Álfgrímur is an orphan boy who has always known life in a simple turf cottage with his foster parents, Björn of Brekkukot, whom he calls Grandfather, and Grandmother. His grandfather lives a life of integrity, with no interest in ambition. Words are so important in their household, Álfgrímur explains, that they are only spoken to hide things.
Álfgrímur grows up with his only ambition to live in his grandparents’ cottage and fish for lumpfish with his grandfather. But his grandmother has other ideas, so when he is old enough, he goes reluctantly off to school.
Most of this novel is an account of everyday life at Brekkukot, peopled by the peculiar residents of the grandparents’ loft, some permanently there and others passing through. These people are all good but eccentric. For example, there is the Superintendent, whom Álfgrímur as a boy thinks is the superintendent of the entire city of Reykjavic but turns out to be in charge of the public toilets at the harbor.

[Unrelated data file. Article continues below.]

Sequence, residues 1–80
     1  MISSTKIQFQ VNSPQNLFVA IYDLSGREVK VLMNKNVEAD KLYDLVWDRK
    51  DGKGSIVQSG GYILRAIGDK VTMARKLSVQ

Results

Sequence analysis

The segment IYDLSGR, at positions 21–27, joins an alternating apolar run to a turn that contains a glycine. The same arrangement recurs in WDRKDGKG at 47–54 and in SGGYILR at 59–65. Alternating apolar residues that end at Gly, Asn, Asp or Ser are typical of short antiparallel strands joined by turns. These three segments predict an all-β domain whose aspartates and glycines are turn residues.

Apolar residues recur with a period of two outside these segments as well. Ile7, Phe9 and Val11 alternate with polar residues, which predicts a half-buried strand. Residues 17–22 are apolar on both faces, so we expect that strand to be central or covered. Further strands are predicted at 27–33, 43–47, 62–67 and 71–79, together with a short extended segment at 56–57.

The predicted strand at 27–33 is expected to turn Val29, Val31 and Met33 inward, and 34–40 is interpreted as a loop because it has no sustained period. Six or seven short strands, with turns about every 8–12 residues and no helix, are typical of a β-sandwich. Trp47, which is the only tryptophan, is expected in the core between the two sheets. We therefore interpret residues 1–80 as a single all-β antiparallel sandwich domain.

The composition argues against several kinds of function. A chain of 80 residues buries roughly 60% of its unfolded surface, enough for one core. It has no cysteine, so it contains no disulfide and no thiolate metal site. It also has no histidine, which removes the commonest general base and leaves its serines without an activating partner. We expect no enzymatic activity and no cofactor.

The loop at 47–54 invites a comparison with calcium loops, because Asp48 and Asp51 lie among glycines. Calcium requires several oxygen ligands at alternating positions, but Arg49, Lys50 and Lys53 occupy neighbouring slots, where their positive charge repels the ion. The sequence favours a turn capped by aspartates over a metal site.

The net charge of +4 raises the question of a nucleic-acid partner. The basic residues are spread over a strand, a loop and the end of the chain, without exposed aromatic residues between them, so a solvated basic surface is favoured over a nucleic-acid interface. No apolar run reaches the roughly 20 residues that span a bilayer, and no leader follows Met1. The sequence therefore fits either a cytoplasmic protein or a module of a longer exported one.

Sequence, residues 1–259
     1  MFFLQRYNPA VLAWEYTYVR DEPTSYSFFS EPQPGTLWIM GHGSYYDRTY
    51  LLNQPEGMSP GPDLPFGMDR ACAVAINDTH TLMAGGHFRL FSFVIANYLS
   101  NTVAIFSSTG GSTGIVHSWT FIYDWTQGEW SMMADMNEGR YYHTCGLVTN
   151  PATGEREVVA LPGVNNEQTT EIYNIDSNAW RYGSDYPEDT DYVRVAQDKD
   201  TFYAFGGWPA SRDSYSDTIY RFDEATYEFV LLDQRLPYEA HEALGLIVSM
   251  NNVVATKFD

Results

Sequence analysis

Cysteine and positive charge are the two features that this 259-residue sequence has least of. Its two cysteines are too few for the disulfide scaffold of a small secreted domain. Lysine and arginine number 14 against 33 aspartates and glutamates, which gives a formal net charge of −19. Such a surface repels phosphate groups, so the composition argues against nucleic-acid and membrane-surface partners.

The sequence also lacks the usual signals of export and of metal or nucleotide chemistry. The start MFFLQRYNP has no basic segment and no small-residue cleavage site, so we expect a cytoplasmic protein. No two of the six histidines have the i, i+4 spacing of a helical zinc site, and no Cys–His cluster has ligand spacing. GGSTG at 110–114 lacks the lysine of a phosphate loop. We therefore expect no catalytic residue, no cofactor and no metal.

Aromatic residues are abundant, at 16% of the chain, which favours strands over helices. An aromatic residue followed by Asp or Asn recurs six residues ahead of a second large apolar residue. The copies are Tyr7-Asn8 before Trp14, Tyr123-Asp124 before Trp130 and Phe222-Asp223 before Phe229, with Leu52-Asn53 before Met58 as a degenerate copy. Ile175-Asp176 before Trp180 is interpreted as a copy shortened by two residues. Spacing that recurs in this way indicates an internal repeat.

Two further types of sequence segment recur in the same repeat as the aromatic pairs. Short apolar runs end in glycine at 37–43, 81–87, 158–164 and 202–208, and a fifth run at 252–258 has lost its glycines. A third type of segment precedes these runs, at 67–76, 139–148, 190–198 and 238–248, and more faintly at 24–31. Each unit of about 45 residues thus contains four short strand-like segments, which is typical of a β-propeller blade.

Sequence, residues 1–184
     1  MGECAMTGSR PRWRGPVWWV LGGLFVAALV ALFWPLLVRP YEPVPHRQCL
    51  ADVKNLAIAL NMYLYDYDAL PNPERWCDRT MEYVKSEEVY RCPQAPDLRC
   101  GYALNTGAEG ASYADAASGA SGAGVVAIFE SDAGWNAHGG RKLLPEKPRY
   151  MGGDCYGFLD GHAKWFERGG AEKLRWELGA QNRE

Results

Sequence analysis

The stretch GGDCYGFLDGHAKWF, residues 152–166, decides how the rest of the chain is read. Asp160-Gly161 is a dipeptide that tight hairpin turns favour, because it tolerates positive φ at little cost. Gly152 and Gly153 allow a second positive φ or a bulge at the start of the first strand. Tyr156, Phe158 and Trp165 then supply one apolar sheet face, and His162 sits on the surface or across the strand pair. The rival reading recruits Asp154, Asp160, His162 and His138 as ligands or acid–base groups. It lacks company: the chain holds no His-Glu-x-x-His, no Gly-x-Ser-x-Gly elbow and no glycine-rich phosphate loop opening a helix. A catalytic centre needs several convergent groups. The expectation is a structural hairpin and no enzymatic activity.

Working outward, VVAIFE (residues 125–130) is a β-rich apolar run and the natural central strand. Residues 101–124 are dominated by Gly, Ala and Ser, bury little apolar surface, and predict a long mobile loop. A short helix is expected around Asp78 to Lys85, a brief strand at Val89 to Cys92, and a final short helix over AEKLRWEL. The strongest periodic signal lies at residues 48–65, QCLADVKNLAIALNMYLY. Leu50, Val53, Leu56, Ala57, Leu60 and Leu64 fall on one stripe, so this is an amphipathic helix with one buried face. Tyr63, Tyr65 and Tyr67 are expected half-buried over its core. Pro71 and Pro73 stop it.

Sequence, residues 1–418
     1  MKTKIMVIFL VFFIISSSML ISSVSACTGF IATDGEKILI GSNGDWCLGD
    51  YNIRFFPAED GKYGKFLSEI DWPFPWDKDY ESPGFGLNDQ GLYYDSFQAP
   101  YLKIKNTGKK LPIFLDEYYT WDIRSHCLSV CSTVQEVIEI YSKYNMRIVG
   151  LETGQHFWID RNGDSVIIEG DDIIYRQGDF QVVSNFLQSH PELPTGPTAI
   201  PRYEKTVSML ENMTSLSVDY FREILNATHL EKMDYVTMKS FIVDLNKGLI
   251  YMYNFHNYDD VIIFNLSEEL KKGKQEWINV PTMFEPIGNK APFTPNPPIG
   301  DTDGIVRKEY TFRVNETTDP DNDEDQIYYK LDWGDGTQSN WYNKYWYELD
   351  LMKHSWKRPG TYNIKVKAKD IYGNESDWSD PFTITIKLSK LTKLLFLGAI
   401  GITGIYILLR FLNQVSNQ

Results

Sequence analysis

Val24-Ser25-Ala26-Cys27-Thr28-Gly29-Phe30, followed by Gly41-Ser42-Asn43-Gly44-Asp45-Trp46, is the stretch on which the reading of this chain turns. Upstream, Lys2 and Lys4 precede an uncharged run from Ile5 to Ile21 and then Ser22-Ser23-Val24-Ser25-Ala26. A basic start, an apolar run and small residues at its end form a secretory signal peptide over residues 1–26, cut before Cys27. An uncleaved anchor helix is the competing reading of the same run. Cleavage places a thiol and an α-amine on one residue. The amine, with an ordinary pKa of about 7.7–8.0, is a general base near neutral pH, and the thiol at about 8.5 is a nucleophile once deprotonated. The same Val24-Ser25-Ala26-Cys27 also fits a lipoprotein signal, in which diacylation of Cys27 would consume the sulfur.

Hanging on the wall of their neighbor Kristín’s cottage is the picture of a young man. When Álfgrímur asks about him, his grandparents answer “He was a nice little boy, that Georg,” Kristín’s son. But Georg is now Garðar Holm, a famous Icelandic opera singer. Garðar Holm seldom comes home. When he does and his patron schedules a concert, he never appears, but he does take an interest in Álfgrímur. Álfgrímur can sing and he wants to learn to sing “one true note.”
In this novel, Laxness is interested in exploring the tension between fame and obscurity, but he is also interested in the importance of morality and honest dealing. Serious as its intent is and primitive as are the characters’ surroundings, this is not at all a grim novel. It is told with a wry and ironic sense of humor and is full of colorful characters. With Laxness, you can be sure that there is plenty going on beneath the surface of things.